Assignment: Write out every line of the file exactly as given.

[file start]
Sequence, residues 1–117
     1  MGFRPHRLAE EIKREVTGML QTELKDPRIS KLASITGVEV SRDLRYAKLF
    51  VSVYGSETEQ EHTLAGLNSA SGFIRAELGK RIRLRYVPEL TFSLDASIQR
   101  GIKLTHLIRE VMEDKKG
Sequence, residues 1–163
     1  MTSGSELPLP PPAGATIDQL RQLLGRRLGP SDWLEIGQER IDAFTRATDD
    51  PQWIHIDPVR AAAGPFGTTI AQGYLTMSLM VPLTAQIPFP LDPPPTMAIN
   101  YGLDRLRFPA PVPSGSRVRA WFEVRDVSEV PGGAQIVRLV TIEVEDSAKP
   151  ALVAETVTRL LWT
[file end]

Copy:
Sequence, residues 1–117
     1  MGFRPHRLAE EIKREVTGML QTELKDPRIS KLASITGVEV SRDLRYAKLF
    51  VSVYGSETEQ EHTLAGLNSA SGFIRAELGK RIRLRYVPEL TFSLDASIQR
   101  GIKLTHLIRE VMEDKKG
Sequence, residues 1–163
     1  MTSGSELPLP PPAGATIDQL RQLLGRRLGP SDWLEIGQER IDAFTRATDD
    51  PQWIHIDPVR AAAGPFGTTI AQGYLTMSLM VPLTAQIPFP LDPPPTMAIN
   101  YGLDRLRFPA PVPSGSRVRA WFEVRDVSEV PGGAQIVRLV TIEVEDSAKP
   151  ALVAETVTRL LWT